On September 3, 2013, I arrived at a worker’s dormitory in Guangdong, China, to find my new roommate sprawled out on a plywood bunk in the corner of the small and musty room. He was wearing a hot-pink uniform emblazoned with the letters EPS—for expanded polystyrene, a material used to make foam packaging, bicycle helmets, and a slew of other products sold abroad. He and 269 other workers at the JinBao Foam Factory1 manufactured roughly 130,000 foam pieces and 9,000 helmet baskets a day. JinBao is one of 208,900 companies in the city of Dongguan, which, with a GDP of $94 billion, is among China’s preeminent manufacturing hubs.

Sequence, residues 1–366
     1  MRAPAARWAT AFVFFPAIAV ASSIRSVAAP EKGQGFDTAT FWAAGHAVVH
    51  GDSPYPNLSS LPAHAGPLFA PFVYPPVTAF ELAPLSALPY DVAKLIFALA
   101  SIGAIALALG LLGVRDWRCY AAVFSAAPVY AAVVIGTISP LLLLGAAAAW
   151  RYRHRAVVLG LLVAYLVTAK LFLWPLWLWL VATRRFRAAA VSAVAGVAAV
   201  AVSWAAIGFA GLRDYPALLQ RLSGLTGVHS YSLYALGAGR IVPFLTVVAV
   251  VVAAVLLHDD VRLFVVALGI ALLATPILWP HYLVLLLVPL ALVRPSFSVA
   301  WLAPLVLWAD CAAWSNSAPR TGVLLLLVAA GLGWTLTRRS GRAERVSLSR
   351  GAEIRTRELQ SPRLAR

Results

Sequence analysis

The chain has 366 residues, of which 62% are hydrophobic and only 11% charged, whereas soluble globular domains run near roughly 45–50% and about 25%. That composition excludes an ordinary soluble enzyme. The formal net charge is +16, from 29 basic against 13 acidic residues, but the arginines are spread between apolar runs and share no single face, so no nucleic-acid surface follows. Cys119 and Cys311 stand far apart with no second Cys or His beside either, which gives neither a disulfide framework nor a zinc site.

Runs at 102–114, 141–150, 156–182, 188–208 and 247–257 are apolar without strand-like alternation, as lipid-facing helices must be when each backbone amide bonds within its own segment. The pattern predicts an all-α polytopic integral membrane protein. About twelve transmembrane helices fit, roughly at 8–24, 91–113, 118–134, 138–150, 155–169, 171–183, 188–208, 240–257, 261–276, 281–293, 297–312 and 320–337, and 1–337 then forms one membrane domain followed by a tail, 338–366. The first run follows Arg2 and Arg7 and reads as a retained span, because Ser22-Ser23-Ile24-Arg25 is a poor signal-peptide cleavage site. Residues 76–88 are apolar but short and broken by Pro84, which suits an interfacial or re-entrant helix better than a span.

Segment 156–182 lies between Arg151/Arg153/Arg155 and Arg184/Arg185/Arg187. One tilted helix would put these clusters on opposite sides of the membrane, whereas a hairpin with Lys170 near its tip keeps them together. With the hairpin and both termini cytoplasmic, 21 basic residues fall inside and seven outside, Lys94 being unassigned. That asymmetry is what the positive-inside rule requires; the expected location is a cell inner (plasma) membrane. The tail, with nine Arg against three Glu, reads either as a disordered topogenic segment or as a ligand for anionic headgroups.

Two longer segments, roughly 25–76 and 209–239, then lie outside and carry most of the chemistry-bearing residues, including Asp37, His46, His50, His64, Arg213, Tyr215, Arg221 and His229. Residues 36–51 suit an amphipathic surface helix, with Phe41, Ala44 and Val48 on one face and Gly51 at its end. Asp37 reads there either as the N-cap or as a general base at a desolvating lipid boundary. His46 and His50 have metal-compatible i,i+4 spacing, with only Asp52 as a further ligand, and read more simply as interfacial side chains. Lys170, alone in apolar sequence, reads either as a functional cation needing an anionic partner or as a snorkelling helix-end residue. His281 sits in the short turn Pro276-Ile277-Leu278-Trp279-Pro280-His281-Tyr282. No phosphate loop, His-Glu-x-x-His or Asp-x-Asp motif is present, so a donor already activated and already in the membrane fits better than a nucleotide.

JinBao owned the dormitory; I was scheduled to begin work at the factory the following day. Our room slept eight, but my roommate, a wiry twenty-seven-year-old with friendly eyes who introduced himself as Mo Rupeng, appeared to be its only occupant. Mo was from a 1,400-person village in rural Guangxi called Fugao Cun, where his wife and two children still lived. Like many migrants to Dongguan, Mo had grown up on stories of China’s booming industrial cities. When his older cousin would return home from the city, he told stories of wild nights out at beer stands, karaoke bars, and a roller skating rink as big as three basketball courts. “Dongguan was new and fresh, somewhere I could be free,” Mo recalled. When Mo turned seventeen, he gathered his $300 life savings and ran away from home. Two days later he arrived in Dongguan. “My parents told me to come home immediately,” he said. “But I said no, no, I am going to stay.” That was ten years ago… Read the rest of the essay at Harper’s Magazine